USA Today makes a big splash about how how lobbyists are spending money on legislators.
Despite a strict new ban on gifts to lawmakers, lobbyists routinely use these prime locations to legally wine and dine members of Congress while helping them to raise money, campaign records show. The lawmakers get a venue that is often free or low-cost, a short jaunt from the Capitol. The lobbyists get precious uninterrupted moments with lawmakers — the sort of money-fueled proximity the new lobbying law was designed to curtail. The public seldom learns what happens there because the law doesn't always require fundraising details to be reported.
I had to put the emphasis on the word legally. The paper had to throw that in there because what they are doing is legal. The emphasis of the story is that something pernicious is going on. It's an old journalism trick, when you want to make something look bad, you throw in a lot of "Real Estate records show that..."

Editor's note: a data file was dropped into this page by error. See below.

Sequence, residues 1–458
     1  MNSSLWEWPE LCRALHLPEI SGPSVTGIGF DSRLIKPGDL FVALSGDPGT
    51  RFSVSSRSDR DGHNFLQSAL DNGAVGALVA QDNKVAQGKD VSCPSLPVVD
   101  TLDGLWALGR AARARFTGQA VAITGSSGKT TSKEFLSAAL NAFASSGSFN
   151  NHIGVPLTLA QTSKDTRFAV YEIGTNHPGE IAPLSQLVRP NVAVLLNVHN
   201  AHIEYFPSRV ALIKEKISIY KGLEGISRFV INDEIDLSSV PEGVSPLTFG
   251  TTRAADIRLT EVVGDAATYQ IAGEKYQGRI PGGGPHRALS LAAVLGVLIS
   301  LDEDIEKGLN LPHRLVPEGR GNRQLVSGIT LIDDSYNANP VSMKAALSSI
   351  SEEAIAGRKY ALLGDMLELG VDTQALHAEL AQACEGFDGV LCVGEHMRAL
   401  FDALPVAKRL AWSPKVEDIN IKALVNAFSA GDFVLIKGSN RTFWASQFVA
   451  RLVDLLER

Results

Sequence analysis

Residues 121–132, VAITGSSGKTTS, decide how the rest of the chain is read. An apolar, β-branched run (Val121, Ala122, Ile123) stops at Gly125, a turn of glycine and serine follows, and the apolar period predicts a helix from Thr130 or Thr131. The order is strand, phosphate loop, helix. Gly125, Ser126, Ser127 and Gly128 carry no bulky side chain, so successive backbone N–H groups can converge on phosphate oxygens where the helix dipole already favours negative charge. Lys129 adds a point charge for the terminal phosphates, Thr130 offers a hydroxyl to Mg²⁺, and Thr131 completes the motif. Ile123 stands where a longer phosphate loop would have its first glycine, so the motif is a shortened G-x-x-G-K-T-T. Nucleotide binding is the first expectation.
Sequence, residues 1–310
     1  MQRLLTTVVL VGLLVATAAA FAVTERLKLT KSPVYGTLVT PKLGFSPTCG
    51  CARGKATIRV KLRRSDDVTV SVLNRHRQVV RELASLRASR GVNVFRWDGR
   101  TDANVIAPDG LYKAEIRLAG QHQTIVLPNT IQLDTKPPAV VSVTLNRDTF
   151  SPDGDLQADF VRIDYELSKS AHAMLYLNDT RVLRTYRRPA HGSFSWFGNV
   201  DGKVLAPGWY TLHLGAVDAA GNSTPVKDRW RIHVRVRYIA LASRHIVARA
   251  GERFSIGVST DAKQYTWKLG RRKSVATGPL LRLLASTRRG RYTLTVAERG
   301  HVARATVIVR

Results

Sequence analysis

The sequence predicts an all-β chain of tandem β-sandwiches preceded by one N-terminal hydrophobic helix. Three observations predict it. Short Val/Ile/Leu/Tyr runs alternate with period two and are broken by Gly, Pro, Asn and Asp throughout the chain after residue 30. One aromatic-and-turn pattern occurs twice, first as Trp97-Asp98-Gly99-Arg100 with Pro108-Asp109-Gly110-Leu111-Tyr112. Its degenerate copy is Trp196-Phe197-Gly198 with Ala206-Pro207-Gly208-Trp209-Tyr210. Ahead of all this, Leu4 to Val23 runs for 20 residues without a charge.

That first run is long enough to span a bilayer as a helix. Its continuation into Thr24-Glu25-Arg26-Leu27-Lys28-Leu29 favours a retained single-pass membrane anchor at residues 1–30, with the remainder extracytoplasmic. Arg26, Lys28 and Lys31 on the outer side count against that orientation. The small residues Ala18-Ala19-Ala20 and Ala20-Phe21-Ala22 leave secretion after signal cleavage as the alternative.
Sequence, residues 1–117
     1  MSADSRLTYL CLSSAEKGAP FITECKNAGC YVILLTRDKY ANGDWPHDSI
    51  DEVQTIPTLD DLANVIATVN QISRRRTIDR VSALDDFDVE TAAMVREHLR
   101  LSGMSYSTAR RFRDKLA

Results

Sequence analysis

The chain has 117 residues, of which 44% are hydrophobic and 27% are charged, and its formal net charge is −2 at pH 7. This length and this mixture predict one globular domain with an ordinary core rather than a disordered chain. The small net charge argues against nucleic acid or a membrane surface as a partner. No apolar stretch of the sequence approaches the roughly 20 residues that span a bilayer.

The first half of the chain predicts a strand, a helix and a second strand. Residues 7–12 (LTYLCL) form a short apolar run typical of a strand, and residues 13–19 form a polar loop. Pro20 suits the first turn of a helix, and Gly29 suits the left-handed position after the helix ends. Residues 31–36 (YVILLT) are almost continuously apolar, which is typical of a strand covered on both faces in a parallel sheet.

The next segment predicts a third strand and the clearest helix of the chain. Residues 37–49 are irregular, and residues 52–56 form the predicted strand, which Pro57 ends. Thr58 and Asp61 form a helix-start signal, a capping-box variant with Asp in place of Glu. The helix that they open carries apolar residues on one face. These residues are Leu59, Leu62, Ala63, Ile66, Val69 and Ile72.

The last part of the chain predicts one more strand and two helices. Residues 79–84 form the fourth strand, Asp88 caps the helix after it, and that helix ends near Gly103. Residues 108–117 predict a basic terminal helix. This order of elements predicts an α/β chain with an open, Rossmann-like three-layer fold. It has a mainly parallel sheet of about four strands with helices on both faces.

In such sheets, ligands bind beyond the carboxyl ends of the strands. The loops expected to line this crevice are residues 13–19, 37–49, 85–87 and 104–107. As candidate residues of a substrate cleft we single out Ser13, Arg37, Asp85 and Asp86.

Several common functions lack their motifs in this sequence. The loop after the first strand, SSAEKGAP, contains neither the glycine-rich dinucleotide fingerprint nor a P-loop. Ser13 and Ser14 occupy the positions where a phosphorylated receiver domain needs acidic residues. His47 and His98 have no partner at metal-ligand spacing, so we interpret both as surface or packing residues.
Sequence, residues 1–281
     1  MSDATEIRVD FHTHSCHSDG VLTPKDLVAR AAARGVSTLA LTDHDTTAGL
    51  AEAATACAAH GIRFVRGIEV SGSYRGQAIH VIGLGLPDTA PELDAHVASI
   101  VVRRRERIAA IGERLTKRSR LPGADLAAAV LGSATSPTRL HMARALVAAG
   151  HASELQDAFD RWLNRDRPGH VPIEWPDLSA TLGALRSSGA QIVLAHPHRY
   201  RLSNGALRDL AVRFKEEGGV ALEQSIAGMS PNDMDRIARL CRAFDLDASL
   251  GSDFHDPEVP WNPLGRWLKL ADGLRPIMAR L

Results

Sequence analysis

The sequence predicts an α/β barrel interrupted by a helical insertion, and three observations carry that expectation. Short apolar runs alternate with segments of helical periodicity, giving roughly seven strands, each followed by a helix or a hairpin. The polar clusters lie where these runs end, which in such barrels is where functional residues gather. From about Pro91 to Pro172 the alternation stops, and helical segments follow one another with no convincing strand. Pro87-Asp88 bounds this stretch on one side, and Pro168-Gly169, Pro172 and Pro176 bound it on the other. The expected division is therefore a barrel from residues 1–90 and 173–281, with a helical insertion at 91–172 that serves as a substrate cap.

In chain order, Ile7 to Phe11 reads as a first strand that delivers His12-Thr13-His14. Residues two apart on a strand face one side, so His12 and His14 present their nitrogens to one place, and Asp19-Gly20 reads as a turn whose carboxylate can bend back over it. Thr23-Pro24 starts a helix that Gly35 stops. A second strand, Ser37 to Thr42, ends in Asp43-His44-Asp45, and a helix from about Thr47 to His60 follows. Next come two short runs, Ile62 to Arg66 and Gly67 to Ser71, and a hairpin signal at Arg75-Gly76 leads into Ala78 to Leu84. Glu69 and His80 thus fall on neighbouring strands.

I know it is fashionable to bash the lobbyists, especially in an election year, but Congress does make laws that have an impact on businesses, and so it's OK with me if all the hardware stores in the country pitch in a few bucks to hire someone to represent their views in Washington so that their business doesn't get creamed.
Of course, the people in congress know that the laws they pass have a real impact. After all, they wrote the "lobby reform" that allows the money to be spent in the way it now is, in spite of what they may have said about it during some press conference. I don't think they are quite as shocked as USA Today wants all of us to be that money is still being spent on lobbying.